Local Law 51
Currently The NYC Rule for lighting under a sidewalk shed is a minimum 200 watt,3400 Lumen,standard incandescent lamps enclosed in vandal proof fixtures and spaced 15′ apart and 8′ above the the floor level. There are some changes being made real soon which can put your sidewalk sheds out of code.
What is a Lumen?
A lumen is a unit of standard measurement used to describe how much light is contained in a certain area. The lumen is part of a group of standard measurements known as the photometry group, which measure different aspects of light. This group also includes such units as the candela, which measures luminance, and the lux, which measures illuminance.Strictly speaking, a lumen is defined as one candela multiplied by one steradian, which can be expressed as: 1(lm) = 1(cd) x 1(sr). A related unit of measurement — although not part of the standard units — is the foot-candle, which is often used in photography and film. To really understand what a lumen is, it is important to understand these units: the candela, the foot-candle, the steradian, and the lux.
What is Luminous Efficacy?
Luminous efficacy is a measure of how well a light source produces visible light. It is the ratio of luminous flux to power . Depending on context, the power can be either the radiant flux of the source’s output, or it can be the total electric power consumed by the source. Which sense of the term is intended must usually be inferred from the context, and is sometimes unclear. The former sense is sometimes called luminous efficacy of radiation, and the latter luminous efficacy of a source.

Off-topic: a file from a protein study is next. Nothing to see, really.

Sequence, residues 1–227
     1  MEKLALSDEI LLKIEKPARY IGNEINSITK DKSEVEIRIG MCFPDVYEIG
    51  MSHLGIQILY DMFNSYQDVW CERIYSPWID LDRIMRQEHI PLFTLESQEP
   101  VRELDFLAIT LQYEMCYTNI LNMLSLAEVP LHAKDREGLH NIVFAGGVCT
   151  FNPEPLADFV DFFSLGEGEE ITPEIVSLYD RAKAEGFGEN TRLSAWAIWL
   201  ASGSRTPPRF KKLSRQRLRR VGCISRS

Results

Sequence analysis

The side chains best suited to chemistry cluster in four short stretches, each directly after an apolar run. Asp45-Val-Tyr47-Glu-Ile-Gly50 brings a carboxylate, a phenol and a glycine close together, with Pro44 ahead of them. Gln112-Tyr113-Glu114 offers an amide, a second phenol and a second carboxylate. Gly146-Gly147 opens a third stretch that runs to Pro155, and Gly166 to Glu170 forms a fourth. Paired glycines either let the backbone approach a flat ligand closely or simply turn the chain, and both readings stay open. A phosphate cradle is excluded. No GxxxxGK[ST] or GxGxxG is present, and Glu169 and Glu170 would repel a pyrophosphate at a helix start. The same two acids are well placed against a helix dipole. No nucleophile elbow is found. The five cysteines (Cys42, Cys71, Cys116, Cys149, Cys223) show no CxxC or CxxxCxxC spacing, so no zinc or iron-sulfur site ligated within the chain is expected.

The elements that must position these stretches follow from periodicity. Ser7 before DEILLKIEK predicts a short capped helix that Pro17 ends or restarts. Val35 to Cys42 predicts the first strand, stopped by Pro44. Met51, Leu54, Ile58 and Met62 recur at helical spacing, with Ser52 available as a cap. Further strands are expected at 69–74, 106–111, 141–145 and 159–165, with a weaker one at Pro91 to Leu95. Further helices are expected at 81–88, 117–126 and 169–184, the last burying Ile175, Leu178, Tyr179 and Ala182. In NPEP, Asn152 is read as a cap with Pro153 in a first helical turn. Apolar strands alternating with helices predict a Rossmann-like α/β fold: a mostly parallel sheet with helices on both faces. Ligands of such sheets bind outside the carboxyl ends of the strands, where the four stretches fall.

The luminous efficacy of a source is a measure of the efficiency with which the source provides visible light from electricity. The luminous efficacy of radiation describes how well a given quantity of electromagnetic radiation from a source produces visible light: the ratio of luminous flux to radiant flux. Not all wavelengths of light are equally visible, or equally effective at stimulating human vision, due to the spectral sensitivity of the human eye; radiation in the infrared and ultraviolet parts of the spectrum is useless for illumination. The overall luminous efficacy of a source is the product of how well it converts energy to electromagnetic radiation, and how well the emitted radiation is detected by the human eye.
There are three ways this term can be used: (1) The luminous efficacy of a source of light is the quotient of the total luminous flux emitted divided by the total lamp power input. Light is visually evaluated radiant energy. Luminous flux is the time rate of flow of light. Luminous efficacy is expressed in lumens per watt. (2) The luminous efficacy of radiant power is the quotient of the total luminous flux emitted divided by the total radiant power emitted. This is always somewhat larger for a particular lamp than the previous measure, since not all the input power is transformed into radiant power. (3) The spectral luminous efficacy of radiant power is the quotient of the luminous flux at a given wavelength of light divided by the radiant power at that wavelength. A plot of this quotient versus wavelength displays the spectral response of the human visual system. It is, of course, zero for all wavelengths outside the range from 380 to 760 nanometers. It rises to a maximum near the center of this range. Both the value and the wavelength of this maximum depend on the degree of dark adaptation present. However, anaccepted value of 683 lumens per watt maximum at 555 nanometers represents a standard observer in a light-adapted condition.